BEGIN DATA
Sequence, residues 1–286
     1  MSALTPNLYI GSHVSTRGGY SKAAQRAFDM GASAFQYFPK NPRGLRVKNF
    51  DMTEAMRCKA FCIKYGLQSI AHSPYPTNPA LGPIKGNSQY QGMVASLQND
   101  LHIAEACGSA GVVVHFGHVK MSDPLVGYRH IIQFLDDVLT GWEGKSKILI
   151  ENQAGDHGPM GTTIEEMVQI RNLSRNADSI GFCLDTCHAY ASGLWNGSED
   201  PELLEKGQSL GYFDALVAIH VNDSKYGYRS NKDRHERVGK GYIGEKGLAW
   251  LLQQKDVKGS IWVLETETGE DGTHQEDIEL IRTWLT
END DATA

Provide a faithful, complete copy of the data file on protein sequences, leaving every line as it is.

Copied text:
Sequence, residues 1–286
     1  MSALTPNLYI GSHVSTRGGY SKAAQRAFDM GASAFQYFPK NPRGLRVKNF
    51  DMTEAMRCKA FCIKYGLQSI AHSPYPTNPA LGPIKGNSQY QGMVASLQND
   101  LHIAEACGSA GVVVHFGHVK MSDPLVGYRH IIQFLDDVLT GWEGKSKILI
   151  ENQAGDHGPM GTTIEEMVQI RNLSRNADSI GFCLDTCHAY ASGLWNGSED
   201  PELLEKGQSL GYFDALVAIH VNDSKYGYRS NKDRHERVGK GYIGEKGLAW
   251  LLQQKDVKGS IWVLETETGE DGTHQEDIEL IRTWLT